The branch is now over three years old and is still very much a “work in progress”.
As TOC’s most urban branch, it faces unique challenges trying to be relevant in the middle of Hawaii’s economic engine - mass tourism. We named it “Greater Waikiki” to include the major parks on each side of Waikiki’s neighborhood board district boundaries. It has proved difficult to attract volunteers to fill any Board positions, however, and so far we have not yet held a single public meeting of our members.
But our decision to build a robust and comprehensive branch website, www.waikikioutdoorcircle.org, has turned out to be more successful than we first expected. Thanks to Myles Ritchie’s indefatigable technical skills, the website now regularly attracts many hundreds of online visitors each month even if they don’t provide us with any feedback. Our website Newsletter “Waikiki Whisperer” was intended to be rather provocative and carries the warning that the stories represent only the opinions of the authors and not those of TOC’s Board. Our series “The Death of Darkness” on new LED lighting issues introduced new language on the topic that has, surprisingly, been copied all over the island. We believe it played an important role in getting the city and county authorities to modify their initial proposals on the replacement of 50,000 island streetlights with powerful new LEDs. We hope that our stories on issues relevant to Waikiki will function as a de facto “Think-Tank” for TOC.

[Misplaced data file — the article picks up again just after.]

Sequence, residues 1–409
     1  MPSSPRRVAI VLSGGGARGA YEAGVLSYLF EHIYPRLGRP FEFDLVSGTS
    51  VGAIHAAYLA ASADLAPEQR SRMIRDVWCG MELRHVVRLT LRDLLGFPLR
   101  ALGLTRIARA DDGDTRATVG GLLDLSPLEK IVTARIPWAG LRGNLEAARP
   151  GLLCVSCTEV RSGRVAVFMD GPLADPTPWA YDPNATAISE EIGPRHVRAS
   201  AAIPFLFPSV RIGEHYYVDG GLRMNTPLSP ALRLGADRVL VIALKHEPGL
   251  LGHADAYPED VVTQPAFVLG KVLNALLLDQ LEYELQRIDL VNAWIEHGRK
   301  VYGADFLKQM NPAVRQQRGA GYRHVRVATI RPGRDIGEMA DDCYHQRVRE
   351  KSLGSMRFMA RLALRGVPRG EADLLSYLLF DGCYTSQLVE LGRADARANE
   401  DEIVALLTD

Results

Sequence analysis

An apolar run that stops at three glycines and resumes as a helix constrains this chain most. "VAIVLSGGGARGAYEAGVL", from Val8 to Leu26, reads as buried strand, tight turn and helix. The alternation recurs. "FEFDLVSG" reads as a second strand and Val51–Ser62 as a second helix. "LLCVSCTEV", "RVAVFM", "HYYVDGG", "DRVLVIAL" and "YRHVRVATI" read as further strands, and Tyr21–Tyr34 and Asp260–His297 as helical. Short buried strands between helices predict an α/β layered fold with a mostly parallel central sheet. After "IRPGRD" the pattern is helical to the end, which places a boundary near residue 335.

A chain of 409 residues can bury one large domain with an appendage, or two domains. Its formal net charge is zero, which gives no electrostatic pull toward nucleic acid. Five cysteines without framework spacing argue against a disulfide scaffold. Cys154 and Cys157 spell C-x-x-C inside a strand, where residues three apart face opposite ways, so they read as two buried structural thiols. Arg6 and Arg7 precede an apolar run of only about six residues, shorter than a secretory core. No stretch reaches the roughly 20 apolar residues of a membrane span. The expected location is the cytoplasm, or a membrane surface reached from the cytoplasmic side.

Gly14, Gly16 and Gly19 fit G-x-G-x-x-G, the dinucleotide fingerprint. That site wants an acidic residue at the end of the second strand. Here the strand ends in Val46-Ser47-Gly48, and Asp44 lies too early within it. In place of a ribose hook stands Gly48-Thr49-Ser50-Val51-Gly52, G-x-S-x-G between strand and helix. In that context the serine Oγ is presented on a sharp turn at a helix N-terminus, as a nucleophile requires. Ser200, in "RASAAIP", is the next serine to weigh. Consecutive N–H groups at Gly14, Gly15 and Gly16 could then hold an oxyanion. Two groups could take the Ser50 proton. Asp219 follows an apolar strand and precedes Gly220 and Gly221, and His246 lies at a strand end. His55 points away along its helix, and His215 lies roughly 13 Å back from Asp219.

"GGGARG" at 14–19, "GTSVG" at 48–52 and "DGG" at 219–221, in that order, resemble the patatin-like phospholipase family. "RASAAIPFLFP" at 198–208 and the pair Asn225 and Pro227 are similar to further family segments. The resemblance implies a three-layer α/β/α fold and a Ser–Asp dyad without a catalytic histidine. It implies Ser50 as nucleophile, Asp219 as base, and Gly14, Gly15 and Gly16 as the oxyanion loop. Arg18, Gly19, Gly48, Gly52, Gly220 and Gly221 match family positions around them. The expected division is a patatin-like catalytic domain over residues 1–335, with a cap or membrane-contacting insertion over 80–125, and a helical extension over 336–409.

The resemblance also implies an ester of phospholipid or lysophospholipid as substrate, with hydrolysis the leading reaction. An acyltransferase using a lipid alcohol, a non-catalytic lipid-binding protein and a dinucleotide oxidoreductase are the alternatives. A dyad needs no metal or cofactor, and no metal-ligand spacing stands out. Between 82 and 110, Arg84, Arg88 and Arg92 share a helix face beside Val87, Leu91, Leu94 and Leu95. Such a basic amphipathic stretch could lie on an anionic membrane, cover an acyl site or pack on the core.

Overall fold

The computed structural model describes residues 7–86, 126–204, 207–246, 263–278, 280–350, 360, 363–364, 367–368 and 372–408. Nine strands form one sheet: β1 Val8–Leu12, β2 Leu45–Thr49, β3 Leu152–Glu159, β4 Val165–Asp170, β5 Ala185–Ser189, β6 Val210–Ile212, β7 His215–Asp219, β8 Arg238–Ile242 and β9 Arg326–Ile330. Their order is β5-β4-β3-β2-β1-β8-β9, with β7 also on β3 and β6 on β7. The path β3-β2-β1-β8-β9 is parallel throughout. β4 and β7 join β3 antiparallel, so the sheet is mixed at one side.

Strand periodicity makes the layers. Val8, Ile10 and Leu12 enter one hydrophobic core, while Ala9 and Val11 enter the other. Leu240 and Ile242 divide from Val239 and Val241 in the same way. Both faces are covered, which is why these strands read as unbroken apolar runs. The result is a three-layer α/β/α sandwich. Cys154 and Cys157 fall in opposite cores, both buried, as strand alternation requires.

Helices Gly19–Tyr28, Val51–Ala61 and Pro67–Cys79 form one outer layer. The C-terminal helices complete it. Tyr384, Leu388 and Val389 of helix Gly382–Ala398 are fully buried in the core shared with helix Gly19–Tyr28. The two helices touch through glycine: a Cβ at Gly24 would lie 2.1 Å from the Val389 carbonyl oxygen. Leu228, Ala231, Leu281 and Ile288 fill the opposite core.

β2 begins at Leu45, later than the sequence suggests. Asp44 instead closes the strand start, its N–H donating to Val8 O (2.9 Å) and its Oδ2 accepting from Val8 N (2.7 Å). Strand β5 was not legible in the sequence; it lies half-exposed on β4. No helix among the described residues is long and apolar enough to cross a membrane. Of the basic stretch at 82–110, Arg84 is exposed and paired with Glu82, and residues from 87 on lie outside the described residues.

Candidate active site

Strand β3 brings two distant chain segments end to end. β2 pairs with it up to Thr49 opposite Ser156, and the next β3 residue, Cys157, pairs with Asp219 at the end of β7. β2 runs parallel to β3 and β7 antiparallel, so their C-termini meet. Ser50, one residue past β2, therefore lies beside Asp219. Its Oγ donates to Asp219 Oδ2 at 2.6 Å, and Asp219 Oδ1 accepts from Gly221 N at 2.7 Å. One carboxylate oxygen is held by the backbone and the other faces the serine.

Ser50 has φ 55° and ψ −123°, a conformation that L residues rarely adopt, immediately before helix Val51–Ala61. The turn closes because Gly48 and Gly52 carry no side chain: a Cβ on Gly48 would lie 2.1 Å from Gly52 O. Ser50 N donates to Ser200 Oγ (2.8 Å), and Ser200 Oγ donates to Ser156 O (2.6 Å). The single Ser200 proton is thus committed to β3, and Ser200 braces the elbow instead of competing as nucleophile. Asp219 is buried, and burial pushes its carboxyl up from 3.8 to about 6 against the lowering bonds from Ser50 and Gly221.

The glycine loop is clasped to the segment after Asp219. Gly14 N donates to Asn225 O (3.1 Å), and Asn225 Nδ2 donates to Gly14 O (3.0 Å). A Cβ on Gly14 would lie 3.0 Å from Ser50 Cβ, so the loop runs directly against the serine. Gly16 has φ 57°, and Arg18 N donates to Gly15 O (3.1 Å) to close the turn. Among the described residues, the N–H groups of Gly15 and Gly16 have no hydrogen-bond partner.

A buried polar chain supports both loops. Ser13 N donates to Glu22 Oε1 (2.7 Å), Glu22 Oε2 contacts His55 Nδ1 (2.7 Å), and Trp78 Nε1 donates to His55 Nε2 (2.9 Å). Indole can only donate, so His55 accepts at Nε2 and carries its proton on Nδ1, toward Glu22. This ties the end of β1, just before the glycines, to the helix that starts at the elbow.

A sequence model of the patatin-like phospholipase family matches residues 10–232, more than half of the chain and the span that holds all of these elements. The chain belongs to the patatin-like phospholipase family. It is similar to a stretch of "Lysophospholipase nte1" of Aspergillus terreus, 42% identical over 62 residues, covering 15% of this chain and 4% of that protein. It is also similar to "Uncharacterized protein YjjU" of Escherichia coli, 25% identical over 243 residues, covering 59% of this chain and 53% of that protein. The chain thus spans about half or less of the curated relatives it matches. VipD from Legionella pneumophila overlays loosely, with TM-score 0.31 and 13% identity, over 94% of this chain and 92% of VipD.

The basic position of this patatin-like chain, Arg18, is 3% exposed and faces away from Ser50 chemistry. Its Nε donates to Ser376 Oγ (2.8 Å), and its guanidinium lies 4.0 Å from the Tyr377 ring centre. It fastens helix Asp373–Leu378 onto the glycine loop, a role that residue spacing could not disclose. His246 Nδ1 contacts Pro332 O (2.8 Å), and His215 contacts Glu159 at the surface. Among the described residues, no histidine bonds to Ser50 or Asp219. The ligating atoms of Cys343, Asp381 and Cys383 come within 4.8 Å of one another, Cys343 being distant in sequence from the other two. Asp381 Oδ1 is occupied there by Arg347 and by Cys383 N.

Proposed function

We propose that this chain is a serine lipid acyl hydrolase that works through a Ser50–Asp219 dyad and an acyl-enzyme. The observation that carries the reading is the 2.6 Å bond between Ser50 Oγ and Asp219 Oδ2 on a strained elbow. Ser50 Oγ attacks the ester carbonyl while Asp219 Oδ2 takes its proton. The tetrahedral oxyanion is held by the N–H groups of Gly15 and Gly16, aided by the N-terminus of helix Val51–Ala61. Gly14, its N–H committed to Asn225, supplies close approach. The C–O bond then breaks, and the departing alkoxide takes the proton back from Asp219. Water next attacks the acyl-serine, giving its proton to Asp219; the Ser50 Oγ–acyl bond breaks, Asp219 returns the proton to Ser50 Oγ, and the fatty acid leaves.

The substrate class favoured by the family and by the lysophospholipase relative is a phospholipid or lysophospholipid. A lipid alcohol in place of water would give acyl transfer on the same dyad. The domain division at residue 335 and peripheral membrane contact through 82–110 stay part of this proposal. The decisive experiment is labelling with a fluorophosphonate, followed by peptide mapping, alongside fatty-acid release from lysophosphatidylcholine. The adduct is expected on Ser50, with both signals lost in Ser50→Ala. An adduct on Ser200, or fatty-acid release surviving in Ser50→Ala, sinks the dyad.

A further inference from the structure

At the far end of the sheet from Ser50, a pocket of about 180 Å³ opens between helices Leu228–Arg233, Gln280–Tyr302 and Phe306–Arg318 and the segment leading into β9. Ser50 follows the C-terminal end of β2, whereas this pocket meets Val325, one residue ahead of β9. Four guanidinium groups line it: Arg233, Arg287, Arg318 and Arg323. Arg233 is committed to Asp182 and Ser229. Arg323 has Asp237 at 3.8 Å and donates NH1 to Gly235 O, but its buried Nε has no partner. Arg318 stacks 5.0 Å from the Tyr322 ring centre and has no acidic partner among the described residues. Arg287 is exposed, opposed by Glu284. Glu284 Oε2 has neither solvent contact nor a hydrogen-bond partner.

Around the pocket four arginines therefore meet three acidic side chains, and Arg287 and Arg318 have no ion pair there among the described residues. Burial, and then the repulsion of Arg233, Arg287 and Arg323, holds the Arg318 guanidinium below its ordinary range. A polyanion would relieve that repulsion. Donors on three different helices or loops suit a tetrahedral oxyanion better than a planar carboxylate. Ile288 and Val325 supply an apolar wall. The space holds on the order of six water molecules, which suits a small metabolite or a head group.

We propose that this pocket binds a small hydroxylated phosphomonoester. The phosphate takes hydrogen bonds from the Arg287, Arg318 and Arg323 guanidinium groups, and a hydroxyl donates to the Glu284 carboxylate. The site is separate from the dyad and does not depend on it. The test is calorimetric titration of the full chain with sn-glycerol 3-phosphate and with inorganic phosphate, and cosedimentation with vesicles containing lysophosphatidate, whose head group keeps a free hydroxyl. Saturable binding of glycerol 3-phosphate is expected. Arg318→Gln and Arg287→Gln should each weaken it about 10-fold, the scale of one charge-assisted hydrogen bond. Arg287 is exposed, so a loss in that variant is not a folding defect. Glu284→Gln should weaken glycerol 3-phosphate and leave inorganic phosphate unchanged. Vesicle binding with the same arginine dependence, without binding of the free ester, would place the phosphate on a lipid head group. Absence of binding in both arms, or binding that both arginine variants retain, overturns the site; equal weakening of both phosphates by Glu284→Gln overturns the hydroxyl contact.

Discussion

We are delighted that our strategy to work closer with the Waikiki Neighborhood Board has resulted in two recent Resolutions of Support for our work. Last year they encouraged development of our new Trees and Livability Committee and in April we provided an update on our three tree planning and replacement projects as coalition partners with other organizations. Later this year we will provide them with an update on our work on Livability of Waikiki - focusing on the troublesome three issues - Street Noise, Excessive Illumination by new LED lighting/signage and Walkability allowing people to walk safely each day as their main way to stay healthy.
Finally, we have actively promoted the issue of Save The Ala Wai Promenade, the city’s most beautiful and peaceful canal side avenue of Exceptional Ficus trees. Located in the Ala Moana/Kakaako neighborhood board district, the project has now received resolutions of support from three adjacent boards and a commitment of city budget funds so far of $100,000. We are encouraged by the recent restoration of the irrigation system in Ala Moana Regional park that has transformed the health of the trees, shrubs and grass there.
As time progresses, we aim to build upon these promising accomplishments to attract new members and continue TOC’s goal of keeping Hawaii clean, green and beautiful.
The Greenleaf is the online newsletter and blog of The Outdoor Circle. Here you will find updates on the projects and accomplishments of our many branches throughout the state, as well as programs with statewide impact.